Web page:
# Subsetting fData and returning result in matrix form
fD[ 1 , 1, as_fData = FALSE ]

fD[ 1, , as_fData = FALSE ]

fD[ 2, 10 : 20, as_fData = FALSE ]

fD[ , 10, as_fData = FALSE ]

# As default behavior the subset is returned in fData form
oldpar <- par(mfrow = c(1, 1))
par(mfrow = c(1, 2))
plot(fD, main = "Original dataset", lwd = 2)
plot(fD[, 1:20], main = "Zooming in", lwd = 2)
par(oldpar)

## 2.4 Algebra

An algebra of fData objects is also implemented, making it easy to sum, subtract, multiply and divide these objects by meaningful and compliant structures.

Sums and subtractions, available through + and - operators (see help at +-.fData), allow to sum an fData on the left hand side and a compliant structure on the right hand side. This can be either another fData of the same sample size and defined over the same grid, or a 1D/2D data structure with a number of columns equal fData’s grid length (i.e. P), and number of rows equal to fData’s sample size (i.e. N) or equal to one (in this case the only observation available is recycled N times). The operations are then performed element-wise between the lhs and rhs.

fD + fD

fD + matrix( 1, nrow = N, ncol = P )

fD + array( 2, dim = c( N, P ) )

fD + 1 : P 

Multiplication and division, instead, is implemented only for an fData left hand side and a numeric variable or numeric vector right hand side. In the first case, each function in the functional dataset is multiplied/divided by the specified quantity; in the second case, specifying a vector of length N, the multiplication/division of each functional observation is carried out by the corresponding quantity in the vector, in an element-wise way:

fD * 2

fD / 3

fD * ( 1 : N )

fD / ( 1 : N )

## 2.5 Visualization

fData and mfData objects can be visualized thanks to specific S3 plotting methods, plot.fData and plot.mfData.

The graphical parameters of these functions have been suitably customized in order to enhance the visualization of functions. In particular, elements are plotted by default with continuous lines and an ad-hoc palette that helps differentiating them. As default x- and y-axis labels, as well as titles, are dropped so that plot’s arguments calls are not displayed when no value is provided.

In case of mfData the graphical window is split into a rectangular lattice to plot single dimensions. The rectangular frame has floor( sqrt( L ) ) rows and ceiling( x$L / floor( sqrt( x$L ) ) ) columns. If custom labels/titles are desired, they must be provided in the following way: since the grid is the same for all the dimensions, just one string is expected for x-axis (e.g. xlab = 'grid'), while either a single string or a list of L strings (one for each dimension) is expected for both the y-axis label(s) and title(s). In case just one string is passed to plot.mfData, the same value is used for all the dimensions.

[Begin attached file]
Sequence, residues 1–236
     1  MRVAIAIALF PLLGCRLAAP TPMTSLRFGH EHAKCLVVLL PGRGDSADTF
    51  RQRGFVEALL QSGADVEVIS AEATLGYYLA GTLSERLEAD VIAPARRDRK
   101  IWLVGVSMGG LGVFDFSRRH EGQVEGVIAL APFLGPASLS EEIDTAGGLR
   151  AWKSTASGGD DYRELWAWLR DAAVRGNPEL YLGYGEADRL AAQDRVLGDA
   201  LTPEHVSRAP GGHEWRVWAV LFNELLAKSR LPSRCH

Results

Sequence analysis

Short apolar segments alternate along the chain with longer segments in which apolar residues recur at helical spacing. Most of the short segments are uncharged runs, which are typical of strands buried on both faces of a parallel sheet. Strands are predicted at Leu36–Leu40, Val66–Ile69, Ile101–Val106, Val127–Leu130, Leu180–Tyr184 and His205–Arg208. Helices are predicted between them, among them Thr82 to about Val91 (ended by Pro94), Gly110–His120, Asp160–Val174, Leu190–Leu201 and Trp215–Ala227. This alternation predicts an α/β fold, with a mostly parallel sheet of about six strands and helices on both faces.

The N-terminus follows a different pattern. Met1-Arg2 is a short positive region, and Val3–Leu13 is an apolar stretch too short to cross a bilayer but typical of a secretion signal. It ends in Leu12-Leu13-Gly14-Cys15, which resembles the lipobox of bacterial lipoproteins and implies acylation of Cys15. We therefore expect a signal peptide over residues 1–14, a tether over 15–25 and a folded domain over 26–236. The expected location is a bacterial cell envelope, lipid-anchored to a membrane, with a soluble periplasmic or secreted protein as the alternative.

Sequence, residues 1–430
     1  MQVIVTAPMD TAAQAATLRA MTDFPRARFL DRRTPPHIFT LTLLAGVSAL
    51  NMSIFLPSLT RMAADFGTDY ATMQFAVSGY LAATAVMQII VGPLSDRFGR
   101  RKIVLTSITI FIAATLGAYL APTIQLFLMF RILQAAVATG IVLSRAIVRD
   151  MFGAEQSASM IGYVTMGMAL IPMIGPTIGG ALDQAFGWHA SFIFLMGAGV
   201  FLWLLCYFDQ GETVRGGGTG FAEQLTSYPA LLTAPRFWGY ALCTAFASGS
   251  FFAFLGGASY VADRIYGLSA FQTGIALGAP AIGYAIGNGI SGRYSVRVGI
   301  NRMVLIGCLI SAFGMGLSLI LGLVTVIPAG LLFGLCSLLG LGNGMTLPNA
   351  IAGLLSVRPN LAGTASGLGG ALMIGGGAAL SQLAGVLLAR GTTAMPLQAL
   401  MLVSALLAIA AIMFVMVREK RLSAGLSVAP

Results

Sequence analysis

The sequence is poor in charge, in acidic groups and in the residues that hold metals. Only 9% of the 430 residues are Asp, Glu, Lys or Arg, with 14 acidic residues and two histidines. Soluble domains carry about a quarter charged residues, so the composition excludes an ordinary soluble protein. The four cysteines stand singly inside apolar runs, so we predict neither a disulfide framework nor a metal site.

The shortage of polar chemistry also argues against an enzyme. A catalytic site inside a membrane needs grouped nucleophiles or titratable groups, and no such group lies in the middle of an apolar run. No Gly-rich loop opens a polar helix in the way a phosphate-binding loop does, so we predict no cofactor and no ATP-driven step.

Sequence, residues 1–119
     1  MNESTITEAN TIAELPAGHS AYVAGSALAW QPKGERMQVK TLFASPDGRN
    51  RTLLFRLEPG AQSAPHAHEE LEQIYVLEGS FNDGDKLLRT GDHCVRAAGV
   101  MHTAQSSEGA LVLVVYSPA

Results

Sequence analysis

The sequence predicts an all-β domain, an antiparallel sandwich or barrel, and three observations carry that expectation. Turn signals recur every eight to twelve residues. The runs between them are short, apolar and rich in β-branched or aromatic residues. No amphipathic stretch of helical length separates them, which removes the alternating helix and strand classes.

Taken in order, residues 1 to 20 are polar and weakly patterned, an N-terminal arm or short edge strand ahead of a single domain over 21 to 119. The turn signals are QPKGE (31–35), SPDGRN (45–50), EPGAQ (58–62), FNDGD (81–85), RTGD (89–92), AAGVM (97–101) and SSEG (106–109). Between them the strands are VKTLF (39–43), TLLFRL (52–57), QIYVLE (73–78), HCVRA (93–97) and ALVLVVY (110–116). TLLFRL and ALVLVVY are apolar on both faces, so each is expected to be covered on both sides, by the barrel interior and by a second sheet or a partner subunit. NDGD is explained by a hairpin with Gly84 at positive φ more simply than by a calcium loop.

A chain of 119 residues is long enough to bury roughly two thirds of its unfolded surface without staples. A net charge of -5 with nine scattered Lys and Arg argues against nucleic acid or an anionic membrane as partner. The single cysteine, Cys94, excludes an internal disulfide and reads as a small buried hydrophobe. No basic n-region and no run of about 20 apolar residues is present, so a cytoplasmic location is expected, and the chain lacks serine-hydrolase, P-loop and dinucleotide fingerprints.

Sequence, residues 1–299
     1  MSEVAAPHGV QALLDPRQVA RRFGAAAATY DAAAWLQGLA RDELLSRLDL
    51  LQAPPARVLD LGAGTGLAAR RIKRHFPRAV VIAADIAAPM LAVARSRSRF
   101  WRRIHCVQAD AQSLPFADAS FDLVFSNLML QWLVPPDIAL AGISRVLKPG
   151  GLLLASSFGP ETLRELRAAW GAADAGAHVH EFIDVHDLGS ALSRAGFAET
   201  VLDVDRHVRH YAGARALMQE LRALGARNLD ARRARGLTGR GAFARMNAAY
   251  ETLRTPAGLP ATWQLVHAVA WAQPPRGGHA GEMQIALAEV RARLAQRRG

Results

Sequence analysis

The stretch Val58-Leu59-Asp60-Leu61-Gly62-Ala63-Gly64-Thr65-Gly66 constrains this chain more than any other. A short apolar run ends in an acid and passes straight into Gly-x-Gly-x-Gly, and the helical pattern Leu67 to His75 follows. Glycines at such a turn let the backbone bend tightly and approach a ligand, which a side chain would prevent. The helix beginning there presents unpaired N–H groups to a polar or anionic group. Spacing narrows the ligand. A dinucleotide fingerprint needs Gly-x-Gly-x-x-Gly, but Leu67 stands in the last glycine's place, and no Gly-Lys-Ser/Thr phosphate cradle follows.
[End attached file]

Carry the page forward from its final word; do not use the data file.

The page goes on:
# 3 Statistics

## 3.1 Depths

roahd provides a number of depth definitions, that are exploited by the visualization functions but can also be used by themselves. These are based on the notion of Band Depth (López-Pintado and Romo 2007, 2009).

Band Depth and Modified Band Depth are implemented in the functions BD and MBD. Both of them can work with either an fData object, specifying the univariate functional dataset whose depths must be computed, or a matrix of data values (e.g. in the form of fData$values output). MBD can be called with the additional parameters manage_ties (defaulting to FALSE), specifying whether a check for the presence of tied data must be made prior to computing depths, and therefore a suitable computing strategy must be used. The implementation of MBD exploits the recommendations of (Sun, Genton, and Nychka 2012), but extends them in order to accommodate for the possible presence of ties.  BD( fD ) BD( fD$values )

MBD( fD )
MBD( fD$values ) MBD( fD, manage_ties = TRUE ) MBD( fD$values, manage_ties = TRUE )

Another definition available is the Half Region Depth (along with its modified version), that is built on top of the Epigraph and Hypograph indexes (see López-Pintado and Romo 2011):

HRD( fD )
HRD( fD$values ) MHRD( fD ) MHRD( fD$values )

A generalization of MBD to multivariate functional data, implementing the ideas of F. Ieva and Paganoni (2013), is also available through the functions multiBD and multiMBD. These functions accept either a mfData object, specifying the multivariate functional dataset whose depths have to be computed, or a list of matrices of data values (see example below).

The function computes the BD or MBD for each component of the multivariate functional dataset and then averages them according to a set of weights. These can be specified in two ways: either with the flag uniform, that is turned into rep( 1/L, L ) (where L stands for the number of components in the multivariate dataset), or by providing the actual set of weights to be used. The latter option allows to use ad-hoc set of weights, like in (Tarabelloni et al. 2015).

  multiBD( mfD, weights = 'uniform' )
multiMBD( mfD, weights = 'uniform', manage_ties = FALSE )

multiBD( mfD, weights = c( 0.6, 0.4) )
multiMBD( mfD, weights = c( 0.7, 0.3 ), manage_ties = FALSE )

multiBD( list( fD_1$values, fD_2$values ), weights = c( 0.6, 0.4) )
multiMBD( list( fD_1$values, fD_2$values ), weights = c( 0.7, 0.3 ), manage_ties = FALSE )

## 3.2 Mean and median

Suitable S3 extensions to the functions for the computation of mean function and median of functional datasets are also present.

The sample mean of a functional dataset coincides with the cross-sectional mean function, i.e. the function obtained by computing the mean across the whole dataset point-by-point along the grid where functional data are defined:

$\widehat{\mu}( t_j ) = \dfrac{1}{N} \sum_{i=1}^{N} X_i(t_j), \qquad \forall j = 0, \ldots, P-1$

for a univariate functional dataset, while in the multivariate case is:

$\widehat{\mu}_k(t_j) = \dfrac{1}{N} \sum_{i=1}^{N} X_{i,k}(t_j), \qquad \forall j = 0, \ldots, P-1, \qquad \forall k = 1, \ldots, L.$